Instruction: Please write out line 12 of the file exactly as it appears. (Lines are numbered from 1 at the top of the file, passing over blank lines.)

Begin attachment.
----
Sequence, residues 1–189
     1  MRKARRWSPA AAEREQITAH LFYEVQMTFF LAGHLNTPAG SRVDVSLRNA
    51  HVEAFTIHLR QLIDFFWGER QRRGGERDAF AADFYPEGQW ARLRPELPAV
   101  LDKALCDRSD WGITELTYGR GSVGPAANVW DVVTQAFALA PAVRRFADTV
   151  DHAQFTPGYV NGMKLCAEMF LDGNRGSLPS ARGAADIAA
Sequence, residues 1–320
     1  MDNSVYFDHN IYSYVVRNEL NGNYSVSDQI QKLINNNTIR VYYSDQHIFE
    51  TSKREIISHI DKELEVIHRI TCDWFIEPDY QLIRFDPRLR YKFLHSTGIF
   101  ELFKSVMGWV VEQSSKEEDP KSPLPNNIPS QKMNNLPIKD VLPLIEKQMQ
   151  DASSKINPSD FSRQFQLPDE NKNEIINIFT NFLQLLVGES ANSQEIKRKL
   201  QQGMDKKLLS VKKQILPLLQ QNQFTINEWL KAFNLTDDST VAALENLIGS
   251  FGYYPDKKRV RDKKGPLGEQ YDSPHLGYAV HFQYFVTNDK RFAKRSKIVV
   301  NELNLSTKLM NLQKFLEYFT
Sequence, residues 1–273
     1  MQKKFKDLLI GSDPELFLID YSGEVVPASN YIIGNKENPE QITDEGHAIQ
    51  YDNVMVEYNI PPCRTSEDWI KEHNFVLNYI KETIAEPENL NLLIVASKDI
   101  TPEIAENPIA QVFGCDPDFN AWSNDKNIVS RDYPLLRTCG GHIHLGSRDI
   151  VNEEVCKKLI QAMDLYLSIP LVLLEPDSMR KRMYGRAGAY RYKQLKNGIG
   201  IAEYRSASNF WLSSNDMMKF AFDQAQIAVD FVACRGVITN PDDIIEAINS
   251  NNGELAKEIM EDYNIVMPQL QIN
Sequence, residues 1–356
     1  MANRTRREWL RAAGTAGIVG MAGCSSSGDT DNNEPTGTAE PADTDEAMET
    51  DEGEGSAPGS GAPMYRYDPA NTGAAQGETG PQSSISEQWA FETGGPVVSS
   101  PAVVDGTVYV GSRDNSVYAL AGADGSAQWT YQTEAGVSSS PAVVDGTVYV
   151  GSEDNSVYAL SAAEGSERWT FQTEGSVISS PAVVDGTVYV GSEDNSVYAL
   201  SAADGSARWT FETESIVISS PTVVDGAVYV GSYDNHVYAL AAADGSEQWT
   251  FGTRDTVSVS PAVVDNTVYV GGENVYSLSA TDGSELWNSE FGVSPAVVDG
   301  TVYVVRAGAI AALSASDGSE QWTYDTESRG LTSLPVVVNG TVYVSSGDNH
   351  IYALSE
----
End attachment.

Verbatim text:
   251  FGYYPDKKRV RDKKGPLGEQ YDSPHLGYAV HFQYFVTNDK RFAKRSKIVV